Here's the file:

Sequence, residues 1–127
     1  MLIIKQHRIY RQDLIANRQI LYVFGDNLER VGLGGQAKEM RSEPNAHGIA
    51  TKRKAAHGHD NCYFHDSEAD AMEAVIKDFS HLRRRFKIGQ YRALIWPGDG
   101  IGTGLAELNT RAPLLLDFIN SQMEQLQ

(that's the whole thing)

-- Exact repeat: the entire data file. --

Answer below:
Sequence, residues 1–127
     1  MLIIKQHRIY RQDLIANRQI LYVFGDNLER VGLGGQAKEM RSEPNAHGIA
    51  TKRKAAHGHD NCYFHDSEAD AMEAVIKDFS HLRRRFKIGQ YRALIWPGDG
   101  IGTGLAELNT RAPLLLDFIN SQMEQLQ